The Federation of Bakers (FOB) says manufacturers have not contravened the Bread & Flour Regulations by using other flours in their wholemeal breads.

Wrapped wholemeal loves have come under fire in the national media following a Which? Report looking at the ingredient labels of 11 branded and supermarket own-label wholemeal loaves. Every loaf contained soya flour, found Which?, while some contained fortified wheat flour, fermented wheat flour or barley flour.

Under The Bread and Flour Regulations 1998, “all the flour used as an ingredient in the preparation of the [wholemeal] bread must be wholemeal”.

The findings have sparked headlines such as The Sun’s ‘Cheat loaf: Shoppers are being duped into buying wholemeal bread which isn’t actually wholemeal’; and The Mail’s ‘The bread brands that aren’t as wholesome as you think’.

The Federation of Bakers (FOB), which represents the UK’s largest bakery manufacturers, said consumers were not being misled, and that non-wholemeal flours referred to by Which? were not used as an ingredient in the preparation of the bread as defined in the regulations.

“The bakers know the bread and flour regulations and they know what they can and can’t be doing,” said FOB director Gordon Polson. “They are not doing anything wrong – the rules are strict and they have complied with them.”

He pointed out that soya flour is not covered by the regulations as it is not a cereal, and that the other ingredients are used in small amounts.

“The white flour, for example, will only be there as a carrier,” said Polson. “It’s there as a processing aid and would not need to be labelled but it’s on the label to make sure bakers are compliant with allergen labelling.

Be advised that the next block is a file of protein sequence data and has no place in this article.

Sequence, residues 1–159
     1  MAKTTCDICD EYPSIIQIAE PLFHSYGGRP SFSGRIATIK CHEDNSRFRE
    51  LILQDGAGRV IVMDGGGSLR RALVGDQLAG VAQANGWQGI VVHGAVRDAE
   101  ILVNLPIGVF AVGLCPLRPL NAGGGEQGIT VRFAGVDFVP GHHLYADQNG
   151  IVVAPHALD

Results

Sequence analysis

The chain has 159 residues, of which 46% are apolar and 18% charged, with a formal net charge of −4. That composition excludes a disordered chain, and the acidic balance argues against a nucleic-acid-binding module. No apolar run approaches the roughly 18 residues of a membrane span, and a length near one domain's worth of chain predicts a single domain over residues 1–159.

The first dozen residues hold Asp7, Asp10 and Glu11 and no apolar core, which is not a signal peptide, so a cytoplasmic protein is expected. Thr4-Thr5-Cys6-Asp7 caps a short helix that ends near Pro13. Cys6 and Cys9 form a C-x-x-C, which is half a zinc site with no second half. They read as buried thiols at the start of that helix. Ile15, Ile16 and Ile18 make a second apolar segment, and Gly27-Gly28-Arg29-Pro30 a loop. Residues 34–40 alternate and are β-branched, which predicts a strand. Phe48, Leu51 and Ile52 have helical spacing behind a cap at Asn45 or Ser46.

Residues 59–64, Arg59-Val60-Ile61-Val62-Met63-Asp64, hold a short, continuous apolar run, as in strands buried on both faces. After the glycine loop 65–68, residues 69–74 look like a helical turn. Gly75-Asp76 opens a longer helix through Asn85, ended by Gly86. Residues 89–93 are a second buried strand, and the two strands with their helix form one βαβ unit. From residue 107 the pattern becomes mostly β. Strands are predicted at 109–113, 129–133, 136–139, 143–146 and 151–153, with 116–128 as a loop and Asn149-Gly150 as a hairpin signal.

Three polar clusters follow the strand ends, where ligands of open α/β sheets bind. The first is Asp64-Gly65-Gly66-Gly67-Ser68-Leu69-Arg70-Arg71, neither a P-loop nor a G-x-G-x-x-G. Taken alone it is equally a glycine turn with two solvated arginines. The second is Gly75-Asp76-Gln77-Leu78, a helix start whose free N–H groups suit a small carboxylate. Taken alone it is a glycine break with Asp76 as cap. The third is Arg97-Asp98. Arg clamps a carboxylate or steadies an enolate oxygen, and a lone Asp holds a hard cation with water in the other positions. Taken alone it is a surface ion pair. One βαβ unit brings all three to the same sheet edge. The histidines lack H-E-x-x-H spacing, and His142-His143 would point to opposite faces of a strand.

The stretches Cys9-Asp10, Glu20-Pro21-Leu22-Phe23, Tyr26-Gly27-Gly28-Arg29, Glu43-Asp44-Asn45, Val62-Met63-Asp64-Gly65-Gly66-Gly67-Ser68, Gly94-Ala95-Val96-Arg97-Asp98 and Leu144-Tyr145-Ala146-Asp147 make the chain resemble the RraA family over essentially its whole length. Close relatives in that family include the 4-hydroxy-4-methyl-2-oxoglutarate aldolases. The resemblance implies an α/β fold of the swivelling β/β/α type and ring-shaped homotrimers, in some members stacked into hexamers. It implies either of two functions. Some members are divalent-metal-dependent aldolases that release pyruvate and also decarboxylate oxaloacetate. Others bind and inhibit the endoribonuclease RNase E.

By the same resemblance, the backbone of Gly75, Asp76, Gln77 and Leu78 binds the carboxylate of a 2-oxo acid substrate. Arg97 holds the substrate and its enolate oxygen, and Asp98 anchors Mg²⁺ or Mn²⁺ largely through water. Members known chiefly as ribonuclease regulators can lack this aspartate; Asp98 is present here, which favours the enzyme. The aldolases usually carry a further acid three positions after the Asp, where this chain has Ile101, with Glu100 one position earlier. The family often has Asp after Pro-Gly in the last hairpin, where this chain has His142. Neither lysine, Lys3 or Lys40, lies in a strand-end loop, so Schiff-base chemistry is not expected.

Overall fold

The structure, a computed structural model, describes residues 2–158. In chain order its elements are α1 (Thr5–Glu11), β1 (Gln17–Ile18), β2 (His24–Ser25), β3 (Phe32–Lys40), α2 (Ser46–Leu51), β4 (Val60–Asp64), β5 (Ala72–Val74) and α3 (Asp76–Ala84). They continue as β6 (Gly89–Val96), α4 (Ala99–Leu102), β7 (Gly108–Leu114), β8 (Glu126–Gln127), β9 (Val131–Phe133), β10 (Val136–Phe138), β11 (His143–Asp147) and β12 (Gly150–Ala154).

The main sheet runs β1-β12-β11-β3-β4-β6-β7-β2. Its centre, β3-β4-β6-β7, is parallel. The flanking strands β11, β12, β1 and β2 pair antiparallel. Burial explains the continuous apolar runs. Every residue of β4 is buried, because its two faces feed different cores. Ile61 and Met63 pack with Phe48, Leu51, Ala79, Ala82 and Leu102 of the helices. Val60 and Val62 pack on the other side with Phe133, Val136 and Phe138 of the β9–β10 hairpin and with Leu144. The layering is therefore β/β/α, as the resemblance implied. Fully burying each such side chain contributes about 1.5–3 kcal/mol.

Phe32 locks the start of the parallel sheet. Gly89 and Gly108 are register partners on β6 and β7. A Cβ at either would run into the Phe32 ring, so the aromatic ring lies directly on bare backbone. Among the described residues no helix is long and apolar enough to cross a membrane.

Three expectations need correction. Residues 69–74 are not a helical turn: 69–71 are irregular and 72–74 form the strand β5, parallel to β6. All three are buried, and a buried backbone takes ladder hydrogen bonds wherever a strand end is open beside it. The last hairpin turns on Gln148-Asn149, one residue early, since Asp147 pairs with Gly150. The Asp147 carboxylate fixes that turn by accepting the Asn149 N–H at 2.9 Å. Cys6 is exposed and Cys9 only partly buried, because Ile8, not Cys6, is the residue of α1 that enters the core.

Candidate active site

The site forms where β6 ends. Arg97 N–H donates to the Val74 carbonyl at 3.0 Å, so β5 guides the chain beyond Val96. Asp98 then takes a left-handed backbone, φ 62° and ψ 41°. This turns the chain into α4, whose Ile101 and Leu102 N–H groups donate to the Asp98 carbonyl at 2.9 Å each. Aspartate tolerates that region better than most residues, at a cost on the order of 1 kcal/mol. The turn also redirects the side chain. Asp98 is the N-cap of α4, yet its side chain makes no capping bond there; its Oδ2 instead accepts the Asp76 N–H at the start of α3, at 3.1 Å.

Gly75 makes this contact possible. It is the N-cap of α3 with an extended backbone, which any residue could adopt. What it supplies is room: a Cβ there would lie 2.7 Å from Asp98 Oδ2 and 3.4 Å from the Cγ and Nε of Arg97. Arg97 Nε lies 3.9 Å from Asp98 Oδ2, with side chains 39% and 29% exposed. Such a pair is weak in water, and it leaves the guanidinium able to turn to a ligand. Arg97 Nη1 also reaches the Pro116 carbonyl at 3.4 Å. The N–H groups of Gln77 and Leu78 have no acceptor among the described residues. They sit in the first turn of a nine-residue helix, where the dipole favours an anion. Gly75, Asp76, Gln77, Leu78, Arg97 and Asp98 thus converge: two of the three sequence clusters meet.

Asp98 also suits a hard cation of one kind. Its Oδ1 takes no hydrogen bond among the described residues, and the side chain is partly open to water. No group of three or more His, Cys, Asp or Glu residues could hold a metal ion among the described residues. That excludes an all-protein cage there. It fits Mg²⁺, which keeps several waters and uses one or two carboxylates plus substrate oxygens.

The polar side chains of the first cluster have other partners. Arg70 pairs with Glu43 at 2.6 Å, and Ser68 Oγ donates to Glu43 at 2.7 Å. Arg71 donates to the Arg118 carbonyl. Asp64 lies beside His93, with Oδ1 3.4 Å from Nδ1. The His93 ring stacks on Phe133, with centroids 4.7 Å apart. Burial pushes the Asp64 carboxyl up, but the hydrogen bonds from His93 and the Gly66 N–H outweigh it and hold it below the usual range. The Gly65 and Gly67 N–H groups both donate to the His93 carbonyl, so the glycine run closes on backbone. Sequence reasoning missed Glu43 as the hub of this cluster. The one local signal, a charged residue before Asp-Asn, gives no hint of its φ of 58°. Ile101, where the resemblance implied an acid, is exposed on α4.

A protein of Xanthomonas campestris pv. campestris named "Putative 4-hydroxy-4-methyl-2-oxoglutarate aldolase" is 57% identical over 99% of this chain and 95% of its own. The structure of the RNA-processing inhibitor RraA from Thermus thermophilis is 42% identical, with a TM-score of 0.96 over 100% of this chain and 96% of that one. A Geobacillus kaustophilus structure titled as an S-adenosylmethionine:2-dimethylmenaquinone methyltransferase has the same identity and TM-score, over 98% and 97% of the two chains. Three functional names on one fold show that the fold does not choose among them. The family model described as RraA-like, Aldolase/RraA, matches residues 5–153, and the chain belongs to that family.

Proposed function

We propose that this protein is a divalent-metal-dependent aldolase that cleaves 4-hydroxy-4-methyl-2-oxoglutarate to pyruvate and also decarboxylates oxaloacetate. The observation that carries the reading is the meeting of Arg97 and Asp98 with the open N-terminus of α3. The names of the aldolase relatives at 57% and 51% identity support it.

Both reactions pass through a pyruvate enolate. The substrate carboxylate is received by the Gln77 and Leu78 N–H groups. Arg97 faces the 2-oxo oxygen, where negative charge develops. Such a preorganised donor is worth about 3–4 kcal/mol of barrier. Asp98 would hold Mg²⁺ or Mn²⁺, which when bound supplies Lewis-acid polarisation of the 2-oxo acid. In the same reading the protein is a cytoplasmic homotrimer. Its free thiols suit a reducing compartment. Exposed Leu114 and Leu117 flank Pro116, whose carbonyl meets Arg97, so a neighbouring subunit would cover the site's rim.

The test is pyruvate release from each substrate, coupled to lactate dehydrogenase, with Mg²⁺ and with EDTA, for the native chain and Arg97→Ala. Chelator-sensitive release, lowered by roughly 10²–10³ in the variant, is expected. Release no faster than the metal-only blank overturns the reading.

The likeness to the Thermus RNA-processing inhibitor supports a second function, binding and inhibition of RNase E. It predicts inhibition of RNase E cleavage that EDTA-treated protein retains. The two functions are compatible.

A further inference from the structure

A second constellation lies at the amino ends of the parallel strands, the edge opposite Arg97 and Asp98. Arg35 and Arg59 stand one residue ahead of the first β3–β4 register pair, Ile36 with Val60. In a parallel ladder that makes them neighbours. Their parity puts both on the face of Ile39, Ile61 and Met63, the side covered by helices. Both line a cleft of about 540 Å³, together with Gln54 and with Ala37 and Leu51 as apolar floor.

“Our members are absolutely scrupulous in what they label is in their bread.”

Hovis market, strategy and plannng manager Ed Milner said its wholemeal products complied fully with all relevant legislation: “The Hovis’ ’Wholemeal’ products we bake are truly wholemeal."

The FOB pointed out that innovation had helped drive consumer interest in wholemeal bread, and that the regulations had not been designed to stifle innovation.

“Wholemeal bread is not necessarily that easy to bake or that attractive to some consumers,” said Polson. “The increase in consumption of wholemeal bread has been through the innovation that has made it easier to bake and easier for consumers to enjoy.”

Recent innovation has included the launch of a Wholemeal Toastie loaf by Warburtons. The loaf’s ingredient list includes barley malt flour and soya flour.

Big three brands’ wholemeal ingredient lists

Hovis Wholemeal

  • Wholemeal Flour (Wheat), Water, Caramelised Sugar, Yeast, Wheat Protein, Soya Flour, Salt, Wheat Flour (with added Calcium, Iron, Niacin, Thiamin), Emulsifiers: E471, E472e, E481; Preservative: E282, Vegetable Fat (Palm, Rapeseed), Flour Treatment Agent: Ascorbic Acid.

Kingsmill Wholemeal

  • Wholemeal Wheat Flour, Water, Kibbled Malted Wheat (4%), Sugar, Wheat Protein, Yeast, Salt, Vegetable Oils (Rapeseed, Sustainable Palm), Malted Barley Flour, Emulsifiers: E471, E472e; Vinegar, Soya Flour, Preservative: Calcium Propionate (added to inhibit mould growth); Flour Treatment Agent: Ascorbic Acid (Vitamin C).

Warburtons Wholemeal

  • Wholemeal Wheat Flour, Water, Yeast, Salt, Vegetable Oil (Rapeseed, Sustainable Palm), Wheat Gluten, Emulsifiers: E471, E481, E472e; Soya Flour, Preservative: Calcium Propionate; Flour Treatment Agent: Ascorbic Acid (Vitamin C).